• Reply Rachel October 14, 2016 at 11:35 am

      Hey Marisa, glad that you got the 35mm we were talking about. I think that will really go well for you and all the travelling you do. Regardless of whether you have a zoom or not, it is good to know how to really learn all about each focal length. In essence the zoom lens is the problem, it’s how we use it!

  • Reply Julie at icanlivewithoutsugar October 13, 2016 at 11:52 pm

    Hi Rachel,
    Liking what I see.
    Your photos are gorgeous.
    What’s more you live in my part of the world (Melbourne!).
    So grateful that Marisa led me to you (thanks Marisa).

    • Reply Rachel October 14, 2016 at 11:36 am

      Hey Julie! Lovely to e-meet you and a fellow Melbournian. Yes, Marisa is so generous isn’t she? Great to have you along for the ride.

  • Reply Melanie Kathryn October 14, 2016 at 1:36 am

    Helpful tips! I love my 24-70 because it’s so versatile and my 100mm because it’s just amazing for up close. I really want to get another fixed lens.
    I’m a Canon girl. Any specific one I shoot definitely go for? 35, 50, etc?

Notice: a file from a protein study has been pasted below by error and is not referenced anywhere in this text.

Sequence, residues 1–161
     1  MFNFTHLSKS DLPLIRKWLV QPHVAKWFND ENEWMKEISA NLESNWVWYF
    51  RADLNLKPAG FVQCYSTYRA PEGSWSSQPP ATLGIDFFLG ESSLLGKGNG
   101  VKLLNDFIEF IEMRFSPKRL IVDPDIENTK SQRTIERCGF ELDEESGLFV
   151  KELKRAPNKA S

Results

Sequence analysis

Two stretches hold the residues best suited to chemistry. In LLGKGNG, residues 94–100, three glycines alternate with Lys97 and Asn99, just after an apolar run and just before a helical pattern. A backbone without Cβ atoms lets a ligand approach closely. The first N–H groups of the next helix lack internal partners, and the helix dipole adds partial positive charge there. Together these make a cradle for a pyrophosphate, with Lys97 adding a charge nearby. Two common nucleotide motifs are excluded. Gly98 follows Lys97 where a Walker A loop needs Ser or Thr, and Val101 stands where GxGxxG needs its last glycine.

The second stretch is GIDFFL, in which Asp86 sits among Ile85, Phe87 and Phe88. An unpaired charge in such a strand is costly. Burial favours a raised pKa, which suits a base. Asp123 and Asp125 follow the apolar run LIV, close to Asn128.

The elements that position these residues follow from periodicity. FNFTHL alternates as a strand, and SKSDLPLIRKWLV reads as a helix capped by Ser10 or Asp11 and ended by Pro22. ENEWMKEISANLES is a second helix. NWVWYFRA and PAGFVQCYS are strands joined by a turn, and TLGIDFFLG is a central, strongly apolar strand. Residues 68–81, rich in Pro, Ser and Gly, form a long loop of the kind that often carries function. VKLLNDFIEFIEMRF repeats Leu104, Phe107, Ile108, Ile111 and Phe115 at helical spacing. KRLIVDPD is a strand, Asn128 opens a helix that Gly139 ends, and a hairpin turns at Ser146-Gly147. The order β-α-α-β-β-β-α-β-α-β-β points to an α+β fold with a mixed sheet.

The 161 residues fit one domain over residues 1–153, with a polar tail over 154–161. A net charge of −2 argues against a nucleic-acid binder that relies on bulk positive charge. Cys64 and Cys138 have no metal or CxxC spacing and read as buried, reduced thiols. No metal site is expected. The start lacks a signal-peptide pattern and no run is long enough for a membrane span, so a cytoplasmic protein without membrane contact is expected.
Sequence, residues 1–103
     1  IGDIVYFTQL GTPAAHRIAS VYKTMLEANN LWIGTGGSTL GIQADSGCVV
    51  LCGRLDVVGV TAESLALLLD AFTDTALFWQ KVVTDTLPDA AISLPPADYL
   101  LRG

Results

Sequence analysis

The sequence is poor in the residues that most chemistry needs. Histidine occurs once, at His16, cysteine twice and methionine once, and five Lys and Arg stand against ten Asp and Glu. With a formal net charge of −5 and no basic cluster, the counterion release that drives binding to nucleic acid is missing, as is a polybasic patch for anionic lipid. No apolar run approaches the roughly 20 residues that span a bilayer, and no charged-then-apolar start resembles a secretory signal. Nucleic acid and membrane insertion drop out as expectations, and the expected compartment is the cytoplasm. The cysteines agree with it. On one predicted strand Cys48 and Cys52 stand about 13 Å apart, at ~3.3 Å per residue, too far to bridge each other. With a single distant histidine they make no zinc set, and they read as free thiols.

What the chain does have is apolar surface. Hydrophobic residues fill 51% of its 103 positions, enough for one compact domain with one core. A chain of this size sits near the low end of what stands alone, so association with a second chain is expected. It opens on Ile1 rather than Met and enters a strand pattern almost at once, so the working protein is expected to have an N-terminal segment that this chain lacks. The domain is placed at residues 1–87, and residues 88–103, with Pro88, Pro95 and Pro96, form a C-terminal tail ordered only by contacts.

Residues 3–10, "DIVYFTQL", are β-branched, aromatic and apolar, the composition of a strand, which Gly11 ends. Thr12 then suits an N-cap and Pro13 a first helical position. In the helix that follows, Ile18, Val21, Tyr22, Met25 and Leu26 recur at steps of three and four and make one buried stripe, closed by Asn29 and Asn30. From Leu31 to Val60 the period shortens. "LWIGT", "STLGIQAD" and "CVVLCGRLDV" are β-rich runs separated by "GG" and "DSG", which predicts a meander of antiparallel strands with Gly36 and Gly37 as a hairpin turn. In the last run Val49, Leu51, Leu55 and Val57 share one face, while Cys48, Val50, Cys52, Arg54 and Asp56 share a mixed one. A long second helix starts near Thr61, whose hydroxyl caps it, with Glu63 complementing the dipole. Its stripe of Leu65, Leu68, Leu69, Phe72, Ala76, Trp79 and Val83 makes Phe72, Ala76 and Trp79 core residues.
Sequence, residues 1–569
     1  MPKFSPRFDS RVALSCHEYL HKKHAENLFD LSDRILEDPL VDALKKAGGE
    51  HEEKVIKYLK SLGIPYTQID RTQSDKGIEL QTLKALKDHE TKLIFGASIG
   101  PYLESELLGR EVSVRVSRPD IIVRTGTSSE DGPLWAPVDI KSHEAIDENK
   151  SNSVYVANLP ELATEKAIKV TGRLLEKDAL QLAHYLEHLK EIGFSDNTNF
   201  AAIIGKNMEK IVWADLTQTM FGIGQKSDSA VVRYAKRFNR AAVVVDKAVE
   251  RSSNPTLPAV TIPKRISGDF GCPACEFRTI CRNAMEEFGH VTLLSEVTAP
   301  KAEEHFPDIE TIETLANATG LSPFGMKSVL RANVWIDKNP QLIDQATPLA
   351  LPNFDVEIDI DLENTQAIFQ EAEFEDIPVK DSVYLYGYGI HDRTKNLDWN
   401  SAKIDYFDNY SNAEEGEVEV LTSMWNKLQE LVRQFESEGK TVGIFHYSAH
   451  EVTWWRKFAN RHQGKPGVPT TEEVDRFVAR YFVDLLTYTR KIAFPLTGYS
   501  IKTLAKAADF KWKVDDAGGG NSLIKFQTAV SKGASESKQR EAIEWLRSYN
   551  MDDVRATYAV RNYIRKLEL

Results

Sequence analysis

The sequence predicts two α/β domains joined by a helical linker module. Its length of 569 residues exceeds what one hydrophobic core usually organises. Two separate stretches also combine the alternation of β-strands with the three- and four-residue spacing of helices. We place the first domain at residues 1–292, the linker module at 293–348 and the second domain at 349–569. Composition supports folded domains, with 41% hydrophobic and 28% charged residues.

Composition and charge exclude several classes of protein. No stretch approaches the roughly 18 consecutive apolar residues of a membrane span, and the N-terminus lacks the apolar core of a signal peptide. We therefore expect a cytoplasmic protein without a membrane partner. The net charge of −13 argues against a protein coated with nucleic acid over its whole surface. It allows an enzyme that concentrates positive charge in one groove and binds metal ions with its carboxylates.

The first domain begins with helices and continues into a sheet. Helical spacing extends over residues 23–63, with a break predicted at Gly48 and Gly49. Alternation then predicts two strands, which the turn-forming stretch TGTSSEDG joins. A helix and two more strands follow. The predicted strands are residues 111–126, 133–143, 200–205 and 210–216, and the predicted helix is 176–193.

• Reply Jonathan Thompson October 14, 2016 at 8:46 am

      Melanie, if you’re considering a 50mm in the Canon range, the 50mm f1.4 is a great lens. The f1.8 version is nice and cheap but I think you’ll be happier with the f1.4 and it’s certainly cheaper that the f1.2L

    • Reply Rachel October 14, 2016 at 11:38 am

      Hey Melanie! Glad you find the article intriguing. I also have a 24-70 and it’s more how we use the lens rather than the lens itself. It’s def a great lens to have for a food photographer. I just know that we can forget to really explore each focal length when we favour a zoom. Do you have a full frame or cropped sensor? Is the lens specially for food or do you have bigger plans for it?

  • Reply Jonathan Thompson October 14, 2016 at 8:43 am

    Hi Rachel,

    This article made me smile the moment I read the title. You maybe aware I use a 24-70 most of the time for my food photography and I was interested in your points you would make in this article.
    You certainly didn’t disappoint me. Moving and working the scene is so important, looking for different angles and view points. I think I use my zoom different from many others. I have seen folks standing still and zooming in and out, with their feet, apparently, stuck to one spot. I used to use primes a lot, still do from time to time, but my 24-70 and 100 macro are my choice for now. I’ve even taken the 70-200 out, stood halfway across our little studio and shot from a totally different view point, just to do things different. In case anyone else is reading this, I shoot much more than food, so my gear is a little more varied than some.
    Shoot with what feels good, with what you can afford is always my advice, but for goodness sake, move your feet. Look for the angles, the crops, the story. Get the safe shot and then work it baby!!!! 😉